at the time, though the laborers did queen are a most united couple."
not take kindly to the new plan. He- King Albert la 37 years '»ld and in
cently some old ties in the local yards I the two and one-half years he has
have been sold, and the Italian labor- been on the throne he has been de
ers raised the objection to this action voted to his kingdom and his family,
that they should be entitled to them He married Elizabeth, a Bavarian
as fuel for their cave bake ovens, but1 duchess, eleven years ago. She has
their request was not granted. The been conspicuous for charitable work
whole crew, twenty-five in number, as
sembled at the usual hour of yester
terday morning and told their foreman,
H. B. Lunde. that unless they were
given some of these ties they would
cease work, which they forthwith did
Roadmaster C. Nelson of Dickinson is
sued orders that their request be grant
ed, but the special agent of the com
pany countermanded the order and a
communication from St. Paul Is now
being awaited. Meanwhile only six
section laborers are at work.
iWUUajn X* JPlath. Interest ?orum Want Ads Get Quick Results, shoes. (May 24 and SI, iai2.
v .-,TX .«*'''.v '"v., w ?»."?» T*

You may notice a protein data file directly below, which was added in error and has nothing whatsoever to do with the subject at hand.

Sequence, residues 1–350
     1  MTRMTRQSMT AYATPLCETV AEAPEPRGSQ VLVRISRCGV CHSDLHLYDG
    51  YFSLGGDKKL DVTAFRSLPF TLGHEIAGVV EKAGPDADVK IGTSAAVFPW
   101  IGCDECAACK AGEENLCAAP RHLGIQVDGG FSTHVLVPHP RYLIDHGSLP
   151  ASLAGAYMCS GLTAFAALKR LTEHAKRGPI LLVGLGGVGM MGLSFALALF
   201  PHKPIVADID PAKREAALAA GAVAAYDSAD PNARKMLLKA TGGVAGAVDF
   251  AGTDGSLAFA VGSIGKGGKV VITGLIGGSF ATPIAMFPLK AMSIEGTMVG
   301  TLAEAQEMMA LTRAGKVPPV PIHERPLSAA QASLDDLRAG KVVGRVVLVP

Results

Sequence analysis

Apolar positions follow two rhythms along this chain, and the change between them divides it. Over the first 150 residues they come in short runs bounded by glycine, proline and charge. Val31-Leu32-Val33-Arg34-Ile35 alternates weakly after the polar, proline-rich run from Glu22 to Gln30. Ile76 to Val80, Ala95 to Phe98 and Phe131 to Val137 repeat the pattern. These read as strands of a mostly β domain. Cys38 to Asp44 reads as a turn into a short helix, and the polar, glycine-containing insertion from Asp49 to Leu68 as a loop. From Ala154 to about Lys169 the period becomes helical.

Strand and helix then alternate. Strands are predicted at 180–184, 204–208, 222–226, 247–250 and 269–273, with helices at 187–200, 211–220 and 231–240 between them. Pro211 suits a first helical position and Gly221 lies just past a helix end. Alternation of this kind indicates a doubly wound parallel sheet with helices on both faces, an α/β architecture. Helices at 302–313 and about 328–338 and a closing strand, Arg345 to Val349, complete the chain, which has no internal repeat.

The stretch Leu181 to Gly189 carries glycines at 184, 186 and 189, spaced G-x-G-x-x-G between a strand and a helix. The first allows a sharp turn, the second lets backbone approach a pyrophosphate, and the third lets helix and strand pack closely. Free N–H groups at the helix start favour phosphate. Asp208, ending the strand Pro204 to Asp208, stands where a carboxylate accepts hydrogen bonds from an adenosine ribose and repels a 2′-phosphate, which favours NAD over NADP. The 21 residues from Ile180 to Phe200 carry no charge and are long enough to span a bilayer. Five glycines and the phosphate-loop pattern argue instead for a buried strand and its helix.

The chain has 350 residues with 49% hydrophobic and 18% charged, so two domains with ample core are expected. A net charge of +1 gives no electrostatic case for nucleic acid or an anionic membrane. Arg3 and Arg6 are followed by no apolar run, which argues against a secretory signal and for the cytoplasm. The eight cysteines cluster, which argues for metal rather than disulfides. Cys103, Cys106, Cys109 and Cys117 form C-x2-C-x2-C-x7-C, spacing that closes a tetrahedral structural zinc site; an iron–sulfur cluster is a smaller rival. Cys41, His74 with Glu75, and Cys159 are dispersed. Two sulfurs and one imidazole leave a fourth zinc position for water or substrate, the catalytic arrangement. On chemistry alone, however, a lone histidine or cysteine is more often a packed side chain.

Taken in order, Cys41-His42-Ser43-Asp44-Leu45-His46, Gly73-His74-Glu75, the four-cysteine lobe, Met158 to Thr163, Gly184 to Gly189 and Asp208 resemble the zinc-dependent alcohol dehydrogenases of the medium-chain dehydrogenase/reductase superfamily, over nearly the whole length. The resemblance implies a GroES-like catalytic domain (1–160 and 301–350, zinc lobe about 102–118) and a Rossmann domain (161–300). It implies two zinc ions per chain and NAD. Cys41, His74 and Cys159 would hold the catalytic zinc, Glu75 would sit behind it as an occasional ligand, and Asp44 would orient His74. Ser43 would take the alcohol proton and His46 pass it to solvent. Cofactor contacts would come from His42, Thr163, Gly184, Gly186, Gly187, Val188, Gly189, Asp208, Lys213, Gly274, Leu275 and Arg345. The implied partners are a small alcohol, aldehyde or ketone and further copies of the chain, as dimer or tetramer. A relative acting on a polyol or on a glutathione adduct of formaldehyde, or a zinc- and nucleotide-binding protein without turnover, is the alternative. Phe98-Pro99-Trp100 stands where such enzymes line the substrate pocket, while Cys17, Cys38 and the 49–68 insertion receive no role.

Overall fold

1
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G. A.
Sj
C. B. Baernsteln, Recorder: Regular
meeting of Fargo lodge No. 6 A. O.
U. W. will be held on Saturday even
ing, May 25 at the lodge rooms.
Brothers are urged to be present as
matters of importance will be trans
acted.
13k
Kinfl an^ Quee Belg
Brussels, May 24.—Is the reign of
the new king of the Belgians—Kiim
Albert—to bristle with scrapes and
scandals as did the reign of the present
monarch's uncle, Leopold? During tha
fbrty years' reign of Leopold there
never was a time when stories of the
old king's escapades were not whisper
ed in the drawingrooms of Europe. He
finally died and his nephew Albert
ascended the throne. Albert has ever
been regarded as a man of high moral
character.
Now mystifying reports concerning
a murder at court in which the king
and queen were involved, are gaining
wide publicity. The affair has created
a sensation and public opinion la
thoroughly wrought up. The story has
been denounced officially as, untrue.
According to the story, at a recent
garden party at Lacken the queen
and the Belgians idolize her. Thjre
are three children, Crown Prince Leo
pold, Duke of Brabant, wjho is in his
11th year, Prince Charles, Count of
Flanders, 9, and Princess Maria Jo«e,
not 8.
A New York woman found a chunk
of dynamite in her coal thus reducing
her visible supply by one lump.
A. L. Moody's shoe department car
ry tha cslebmted. Porosis and. Qelfey
j,
1
v v v it fif —IV. -v
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N
MEN FOR
8.
STATE
NORTH DAKOTA CITIZEN HAS
UNIQUE SUGGESTION ALONG
POLITICAL LINES WOULD
HAVE STATE GIVE DEMON
STRATI ON OF PATRIOTISM.
Cogswell, N. M&y 22.—To The
Forum: Every citizen is, or should be,
interested in the "political affalra of
the slate in which he lives, and in the
political welfare of the nation. I pro
fess to come up. to the measure of f.
citizen's duty, I am interested in th